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Lawrence Stevenson is the managing partner at Clearspring Capital, the founder and former CEO of Chapters, and a member of the RMC Class of 1978.

After numerous examples of serious inappropriate behaviour by many senior leaders in the Canadian Armed Forces, former Supreme Court justice Louise Arbour delivered her Independent External Comprehensive Review (IECR) last month, offering up a number of recommendations to address the issues of sexual misconduct. Many of those recommendations are worthy. But as a proud graduate of the Royal Military College (RMC), I strongly disagree with this existential thought from her review: “The military colleges appear as institutions from a different era, with an outdated and problematic leadership model. There are legitimate reasons to question the wisdom of maintaining the existence of these military colleges.” (“To be clear,” she wrote elsewhere in the report, “closing the colleges altogether would be a missed opportunity.”)

But there is a legitimate reason that all serious armed forces in the world have military academies: They not only cover academics but also train young officer candidates in the military skills that will prepare them to serve as officers. Canada’s military colleges have a long legacy in this country, having been founded in 1876; the RMC flag was the basis for the modern Canadian flag. And over the course of nearly 150 years, Canada’s royal military colleges have graduated outstanding alumni, including Marc Garneau, Chris Hadfield, and Captain Nichola Goddard, a graduate of the RMC class of 2002, who valiantly gave her life in Afghanistan in 2006 so that we could be free from terrorism here at home. I suspect that the families of other RMC soldiers, sailors and airmen who have made the ultimate sacrifice in all our wars, including most recently in Afghanistan, would also strongly object to losing the colleges.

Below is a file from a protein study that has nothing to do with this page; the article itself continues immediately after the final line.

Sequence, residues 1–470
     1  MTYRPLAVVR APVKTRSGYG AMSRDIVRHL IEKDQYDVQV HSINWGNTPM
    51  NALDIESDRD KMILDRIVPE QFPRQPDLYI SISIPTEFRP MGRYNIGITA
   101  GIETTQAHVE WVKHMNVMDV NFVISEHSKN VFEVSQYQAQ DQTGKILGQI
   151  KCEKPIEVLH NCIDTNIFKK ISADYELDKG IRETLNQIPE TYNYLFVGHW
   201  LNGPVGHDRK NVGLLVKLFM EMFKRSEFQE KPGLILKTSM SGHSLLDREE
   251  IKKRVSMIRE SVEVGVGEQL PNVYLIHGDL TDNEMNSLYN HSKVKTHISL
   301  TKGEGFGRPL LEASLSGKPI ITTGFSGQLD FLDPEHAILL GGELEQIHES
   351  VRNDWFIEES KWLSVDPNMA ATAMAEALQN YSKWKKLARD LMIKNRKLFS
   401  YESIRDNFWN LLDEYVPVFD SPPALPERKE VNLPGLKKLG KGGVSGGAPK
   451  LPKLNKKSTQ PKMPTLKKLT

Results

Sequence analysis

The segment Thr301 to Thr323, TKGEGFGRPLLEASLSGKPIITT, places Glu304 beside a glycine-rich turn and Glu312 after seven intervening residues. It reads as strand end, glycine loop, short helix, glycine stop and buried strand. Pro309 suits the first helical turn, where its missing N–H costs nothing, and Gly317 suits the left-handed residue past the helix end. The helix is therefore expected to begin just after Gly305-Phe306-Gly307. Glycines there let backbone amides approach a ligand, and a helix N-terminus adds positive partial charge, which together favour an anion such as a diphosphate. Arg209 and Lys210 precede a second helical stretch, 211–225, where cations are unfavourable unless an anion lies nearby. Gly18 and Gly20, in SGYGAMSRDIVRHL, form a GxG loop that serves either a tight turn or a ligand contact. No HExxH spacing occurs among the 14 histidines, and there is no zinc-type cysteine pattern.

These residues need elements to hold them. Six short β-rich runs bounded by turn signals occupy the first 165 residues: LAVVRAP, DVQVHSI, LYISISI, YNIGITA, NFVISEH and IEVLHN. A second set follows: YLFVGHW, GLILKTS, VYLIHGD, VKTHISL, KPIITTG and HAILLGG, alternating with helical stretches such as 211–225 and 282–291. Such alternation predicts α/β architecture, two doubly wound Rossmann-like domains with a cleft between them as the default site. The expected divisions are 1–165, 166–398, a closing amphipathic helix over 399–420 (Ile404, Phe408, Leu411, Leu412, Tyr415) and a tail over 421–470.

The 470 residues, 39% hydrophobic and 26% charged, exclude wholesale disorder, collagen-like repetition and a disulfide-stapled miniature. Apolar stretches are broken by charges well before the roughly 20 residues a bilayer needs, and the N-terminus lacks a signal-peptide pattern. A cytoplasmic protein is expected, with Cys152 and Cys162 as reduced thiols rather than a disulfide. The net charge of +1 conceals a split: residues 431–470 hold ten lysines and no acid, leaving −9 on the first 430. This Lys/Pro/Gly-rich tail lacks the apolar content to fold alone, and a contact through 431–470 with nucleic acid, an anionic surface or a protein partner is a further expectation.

In the fall of 1977, I was interviewed by a journalist on The Fifth Estate on the subject of admitting women to the colleges. She started off her broadcast by standing on RMC Kingston’s parade square, saying: “Here I stand at the last bastion of male chauvinism in Canada.” During my on-screen interview as the senior officer cadet in fourth year, I repeated the party line: that the military colleges were in place to train combat officers, and since women could not be combat officers it followed logically that women should not be admitted to the military colleges.

My own personal view at the time, though, was that the right compromise was to turn one of the military colleges (of which there were then three) into an all-female military college. Given that U.S. military college West Point had already made the decision to admit women, it was clear to all that Canada would follow suit (for political reasons primarily, since the military was opposed). This indeed happened with the first class of female cadets, who entered the colleges in 1980. Since then, women have excelled at RMC militarily, academically and athletically, and many have been selected to the position of cadet wing commander, the most senior appointment in fourth year, conclusively proving that the decision to admit them to RMC was the right one.